But before fully diving into diabetes and diabesity, let’s discuss obesity. Obesity is a condition of excessive accumulation of body fat sufficient to increase the risk of health complications. Being overweight and obese can both increase the risk of health problems, but the risk is much higher with obesity.
According to the Centers for Disease Control, nearly 40% (93.3 million) of adults in the U.S. are obese, and more than 70% are overweight or obese. The adult obesity rates in the U.S. have doubled since 1980, from 15% to 30%, and the obesity rates of children have tripled.
Health Risks of Obesity
Being overweight or obese increases the risk of many health conditions, including:
- Fatty Liver Disease
- Heart Disease
- High Blood Pressure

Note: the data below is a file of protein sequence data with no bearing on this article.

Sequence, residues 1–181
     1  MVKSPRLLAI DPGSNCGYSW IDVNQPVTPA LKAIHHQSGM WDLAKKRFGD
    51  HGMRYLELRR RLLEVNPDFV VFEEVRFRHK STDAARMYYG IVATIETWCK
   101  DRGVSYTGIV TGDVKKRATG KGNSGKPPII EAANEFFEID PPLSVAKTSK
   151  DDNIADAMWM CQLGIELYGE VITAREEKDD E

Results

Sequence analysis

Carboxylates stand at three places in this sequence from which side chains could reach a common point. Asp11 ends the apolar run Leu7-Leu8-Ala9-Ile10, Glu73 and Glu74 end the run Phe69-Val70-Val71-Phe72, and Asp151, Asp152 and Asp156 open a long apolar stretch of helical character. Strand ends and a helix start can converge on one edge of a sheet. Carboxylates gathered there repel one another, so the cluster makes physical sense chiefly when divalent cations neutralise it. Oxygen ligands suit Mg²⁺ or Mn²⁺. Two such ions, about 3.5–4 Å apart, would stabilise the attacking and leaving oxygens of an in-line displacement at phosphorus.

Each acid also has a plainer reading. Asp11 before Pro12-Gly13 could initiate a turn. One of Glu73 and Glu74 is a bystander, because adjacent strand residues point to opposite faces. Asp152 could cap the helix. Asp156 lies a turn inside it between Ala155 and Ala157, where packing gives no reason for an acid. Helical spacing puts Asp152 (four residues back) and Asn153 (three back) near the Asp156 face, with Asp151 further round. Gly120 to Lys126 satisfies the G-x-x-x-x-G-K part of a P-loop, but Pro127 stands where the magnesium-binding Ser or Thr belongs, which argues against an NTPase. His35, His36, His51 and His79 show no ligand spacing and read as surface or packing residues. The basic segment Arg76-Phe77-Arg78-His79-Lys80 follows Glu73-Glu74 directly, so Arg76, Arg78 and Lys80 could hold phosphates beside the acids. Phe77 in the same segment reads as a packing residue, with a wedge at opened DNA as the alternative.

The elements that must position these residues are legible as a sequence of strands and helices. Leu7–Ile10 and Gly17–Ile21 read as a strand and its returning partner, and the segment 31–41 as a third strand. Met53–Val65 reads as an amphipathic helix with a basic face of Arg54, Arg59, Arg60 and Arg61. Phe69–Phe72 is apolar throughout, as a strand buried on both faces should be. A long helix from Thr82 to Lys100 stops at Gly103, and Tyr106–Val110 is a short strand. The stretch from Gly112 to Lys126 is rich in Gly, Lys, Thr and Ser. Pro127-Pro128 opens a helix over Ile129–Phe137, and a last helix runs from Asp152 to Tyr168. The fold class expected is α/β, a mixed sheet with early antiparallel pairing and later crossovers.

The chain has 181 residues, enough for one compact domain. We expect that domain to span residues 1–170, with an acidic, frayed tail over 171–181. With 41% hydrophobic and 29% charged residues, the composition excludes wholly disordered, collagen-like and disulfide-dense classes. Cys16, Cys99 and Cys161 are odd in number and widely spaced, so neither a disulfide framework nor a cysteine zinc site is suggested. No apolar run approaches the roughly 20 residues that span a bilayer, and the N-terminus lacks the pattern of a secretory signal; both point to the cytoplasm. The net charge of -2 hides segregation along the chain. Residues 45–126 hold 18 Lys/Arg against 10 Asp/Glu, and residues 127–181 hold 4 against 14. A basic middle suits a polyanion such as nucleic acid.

- Kidney Disease
- Metabolic Syndrome
- Type 2 Diabetes
- Sleep Apnea
- Gallbladder Disease
- Some Cancers
In 2008, these and other obesity-related health conditions accounted for $147 billion in medical costs for the nation. The Centers for Disease Control also states that the medical costs of those who have obesity were $1,429 higher than those of normal-weight people in 2008.
The diabetes epidemic
And diabetes soon followed, with a rising trend of its own. In 1975, 4.78 million people in the U.S had been diagnosed with diabetes. (That was just 2.29% of the population.) That figure rose to 5.53 million people by 1980. In 2015, the Centers for Disease Control reported that 30.3 (9.4%) of Americans had been diagnosed with diabetes.